Rail cars used to ship oil called ‘unacceptable’

JOAN LOWY, Associated Press
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In this July 6, 2013 file-pool photo, emergency workers examine the aftermath of a train derailment and fire in Lac-Megantic, Quebec. (AP Photo/Ryan Remiorz, File-Pool)

In this July 6, 2013 file-pool photo, emergency workers examine the aftermath of a train derailment and fire in Lac-Megantic, Quebec. (AP Photo/Ryan Remiorz, File-Pool)

WASHINGTON (AP) — Rail tank cars being used to ship crude oil from North Dakota’s Bakken region are an “unacceptable public risk,” and even cars voluntarily upgraded by the industry may not be sufficient, a member of the National Transportation Safety Board said Wednesday.

The cars, known as DOT-111s, were involved in derailments of oil trains in Casselton, N.D., and Lac-Megantic, Quebec, just across the U.S. border, NTSB member Robert Sumwalt said at a House Transportation subcommittee hearing.

Forty-seven people were killed and 30 buildings destroyed in the blaze ignited by the Lac-Megantic accident. The Casselton accident, which occurred half a mile outside the town, created a massive fire that burned for more than 24 hours.

The NTSB has been urging replacing or retrofitting the tank cars since 1991, but the most recent federal effort to write tougher regulations for new cars didn’t get underway until 2011. An initial public comment period closed in December, and regulators are currently at work writing proposed new standards, Cynthia Quarterman, head of the Transportation Department’s Pipeline and Hazardous Materials Safety Administration, told the panel. She said she expected her agency to propose new tank car standards before the end of this year, but refused to be pinned down under questioning by lawmakers on when those rules might become final.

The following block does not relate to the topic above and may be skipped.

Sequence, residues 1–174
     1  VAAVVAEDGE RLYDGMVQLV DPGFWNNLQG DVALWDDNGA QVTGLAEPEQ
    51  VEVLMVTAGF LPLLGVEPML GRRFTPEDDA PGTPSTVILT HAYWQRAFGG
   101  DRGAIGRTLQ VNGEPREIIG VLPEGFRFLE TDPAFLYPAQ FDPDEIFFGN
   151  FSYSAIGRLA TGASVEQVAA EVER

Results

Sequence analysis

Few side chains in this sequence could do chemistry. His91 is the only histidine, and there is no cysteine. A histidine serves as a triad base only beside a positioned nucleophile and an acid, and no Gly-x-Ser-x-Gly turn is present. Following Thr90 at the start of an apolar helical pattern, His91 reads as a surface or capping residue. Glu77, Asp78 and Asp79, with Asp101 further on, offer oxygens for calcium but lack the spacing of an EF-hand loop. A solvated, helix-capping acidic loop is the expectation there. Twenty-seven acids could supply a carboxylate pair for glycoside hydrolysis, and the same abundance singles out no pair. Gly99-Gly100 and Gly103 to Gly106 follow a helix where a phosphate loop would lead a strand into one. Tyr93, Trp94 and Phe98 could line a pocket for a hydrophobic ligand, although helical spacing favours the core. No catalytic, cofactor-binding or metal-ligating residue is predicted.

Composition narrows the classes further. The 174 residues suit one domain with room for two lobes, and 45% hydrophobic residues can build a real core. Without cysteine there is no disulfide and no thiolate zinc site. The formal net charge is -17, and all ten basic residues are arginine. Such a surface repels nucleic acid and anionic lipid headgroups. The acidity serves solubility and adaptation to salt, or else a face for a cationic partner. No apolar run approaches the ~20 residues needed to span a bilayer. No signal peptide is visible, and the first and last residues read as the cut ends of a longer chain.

“Right now, there is so much uncertainty that people aren’t going to make investments in safer cars and they’re going to keep running these crummy cars and killing people,” Rep. Peter DeFazio, D-Ore., complained.

Quarterman said she expected her staff to finish writing proposed rules “very soon.”

All major regulations go to the White House before they are issued to ensure the safety benefits outweigh the cost to industry.

Copyright 2014 The Associated Press. All rights reserved. This material may not be published, broadcast, rewritten or redistributed.

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